Hilary Niles

Hilary Niles

Intern
Phone: (603) 969-8004
h@nilesmedia.com

Hilary Niles joins the Workshop from the University of Missouri, where she is pursuing her master's degree in multimedia investigative journalism. Her reporting focus is public policy and international affairs, while her research digs into the business of journalism. 

Before returning to school in 2011, Hilary helped found a WSCA-lpfm, a community radio station in her adopted hometown of Portsmouth, New Hampshire, and founded a web-based legislative report. Hilary interned in 2009 at WBUR-Boston's nationally syndicated public radio program Here and Now. She was also self-employed as a marketing and public relations consultant for artists, nonprofits and small businesses, and previously worked as a bartender and a farmer. 

Hilary graduated in 1999 from the University of New Hampshire and in 2002 from the Salt Institute for Documentary Studies in Portland, Maine. 

Stories written by Hilary Niles

Incubating new economic models for journalism.

Latest from iLab

Collaboration: the key

Collaboration was key for the teams of international journalists who produced The Panama Papers, a report that showcases how reporters can hold people and institutions accountable across borders. 

The Buying of the President

Every four years, the American people endure by far the longest and most expensive election of any nation in the world — until the next one. Who profits the most?

Blogs

Most Recent Posts

What we're reading: Homicide coverage

Great journalism continues to be produced by reporters immersing themselves in the lives of others, particularly on the issue of homicide. At the recent Logan Symposium, Jill Leovy talked about the making of her new book, "Ghettoside," and Doug Pardue gave his audience the backstory of "Till Death Do Us Part."

The power of images can make stories more memorable

At the recent Society for News Design conference, designers, illustrators and photographers showed what it takes to make stories visually appealing. El Mundo's art director displayed the creative efforts, from his sketches to finished magazine covers, that the staff undertakes to explain and showcase their journalism.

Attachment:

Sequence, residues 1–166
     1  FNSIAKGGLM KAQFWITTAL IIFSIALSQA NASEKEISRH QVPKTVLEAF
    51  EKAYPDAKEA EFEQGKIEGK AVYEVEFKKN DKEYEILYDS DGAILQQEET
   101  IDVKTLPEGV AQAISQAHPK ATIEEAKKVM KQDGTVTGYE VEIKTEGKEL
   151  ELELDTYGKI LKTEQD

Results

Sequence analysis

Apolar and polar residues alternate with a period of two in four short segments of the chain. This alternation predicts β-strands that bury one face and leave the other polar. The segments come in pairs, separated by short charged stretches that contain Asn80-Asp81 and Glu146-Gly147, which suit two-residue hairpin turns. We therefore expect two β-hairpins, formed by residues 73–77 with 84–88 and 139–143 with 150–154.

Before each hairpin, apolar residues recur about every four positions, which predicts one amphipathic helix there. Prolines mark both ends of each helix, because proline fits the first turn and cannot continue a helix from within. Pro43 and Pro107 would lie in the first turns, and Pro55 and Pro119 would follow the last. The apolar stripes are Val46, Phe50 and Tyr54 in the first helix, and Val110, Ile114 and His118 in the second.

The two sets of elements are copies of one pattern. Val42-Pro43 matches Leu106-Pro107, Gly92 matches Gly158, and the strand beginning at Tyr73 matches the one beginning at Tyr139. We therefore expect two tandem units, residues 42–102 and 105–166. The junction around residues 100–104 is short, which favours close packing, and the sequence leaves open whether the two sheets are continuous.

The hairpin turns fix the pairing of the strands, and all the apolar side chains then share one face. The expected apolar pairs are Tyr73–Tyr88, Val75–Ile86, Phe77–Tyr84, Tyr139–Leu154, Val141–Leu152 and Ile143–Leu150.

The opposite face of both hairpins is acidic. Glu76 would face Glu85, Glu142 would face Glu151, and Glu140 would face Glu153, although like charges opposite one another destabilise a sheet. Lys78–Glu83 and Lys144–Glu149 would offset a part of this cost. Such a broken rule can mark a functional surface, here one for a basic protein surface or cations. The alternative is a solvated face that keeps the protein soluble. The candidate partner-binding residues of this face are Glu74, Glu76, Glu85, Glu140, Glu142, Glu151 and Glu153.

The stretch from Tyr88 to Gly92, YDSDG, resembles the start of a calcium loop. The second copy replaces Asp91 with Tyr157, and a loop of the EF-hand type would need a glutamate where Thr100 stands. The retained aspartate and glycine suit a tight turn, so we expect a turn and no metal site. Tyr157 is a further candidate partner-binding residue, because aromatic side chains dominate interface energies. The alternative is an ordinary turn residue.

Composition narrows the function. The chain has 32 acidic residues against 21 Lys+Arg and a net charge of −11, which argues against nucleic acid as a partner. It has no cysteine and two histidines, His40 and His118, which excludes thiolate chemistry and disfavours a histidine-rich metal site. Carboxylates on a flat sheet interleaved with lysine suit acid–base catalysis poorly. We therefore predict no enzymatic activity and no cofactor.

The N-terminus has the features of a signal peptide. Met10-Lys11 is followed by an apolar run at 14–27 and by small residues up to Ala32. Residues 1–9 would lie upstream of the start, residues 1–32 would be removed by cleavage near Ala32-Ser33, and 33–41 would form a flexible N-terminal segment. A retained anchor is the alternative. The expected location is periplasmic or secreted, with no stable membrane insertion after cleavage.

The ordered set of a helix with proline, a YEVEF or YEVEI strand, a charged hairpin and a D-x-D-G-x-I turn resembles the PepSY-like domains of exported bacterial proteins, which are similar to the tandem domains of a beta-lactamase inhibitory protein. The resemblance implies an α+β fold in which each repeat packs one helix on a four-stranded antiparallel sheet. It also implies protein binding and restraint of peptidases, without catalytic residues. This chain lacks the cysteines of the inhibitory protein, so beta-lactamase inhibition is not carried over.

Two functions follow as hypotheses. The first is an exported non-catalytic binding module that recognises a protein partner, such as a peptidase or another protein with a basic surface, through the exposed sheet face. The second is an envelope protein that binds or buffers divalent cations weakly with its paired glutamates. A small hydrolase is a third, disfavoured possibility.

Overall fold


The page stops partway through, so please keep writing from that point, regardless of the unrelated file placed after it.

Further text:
Students moving on — and up

Ten Workshop interns are graduating not only from their respective degree programs but also from their Workshop stints, moving on to a variety of different publications.


How to turn science into great journalism

At the recent Professional Development Day of the DC Science Writers Association, the largest regional gathering of science writers in the country, a panel of award-winning  journalists and investigators discussed how to identify, pitch and develop science-themed investigations for general audiences. 

Flint offers new model for accountability

Journalists, citizens and academics banded together to expose high levels of lead in the water in Flint, Michigan. Their collaboration is the hidden success story in an otherwise disheartening tale of denial and indifference.

Partners

Workshop Partners

We publish online and in print, often teaming up with other news organizations. We're working now on a new program with FRONTLINE producers, to air later in the year, and on the "Years of Living Dangerously," a series on climate change that has begun airing on Showtime. A story last year on the use of solitary confinement in immigration detention centers was co-published with The New York Times. Our updates to our long-running BankTracker project, in which you can view the financial health of every bank and credit union in the country, have been published with msnbc.com, now nbcnews.com, and we co-published stories in our What Went Wrong series on the economy with The Philadelphia Inquirer and New America Media. Our graduate students are working as researchers with Washington Post reporters, and our new senior editor is a member of the Post's investigative team. Learn more on our partners page.

Projects

Investigating Power update

Investigating Power update

Profiles of notable journalists and their stories of key moments in U.S. history in the last 50 years can be found on the Investigating Power site. See Workshop Executive Editor Charles Lewis' latest video interviews as well as historic footage and timelines. You can also read more about the project and why we documented these groundbreaking examples of original, investigative journalism that helped shape or change public perceptions on key issues of our time, from civil rights to Iraq, here.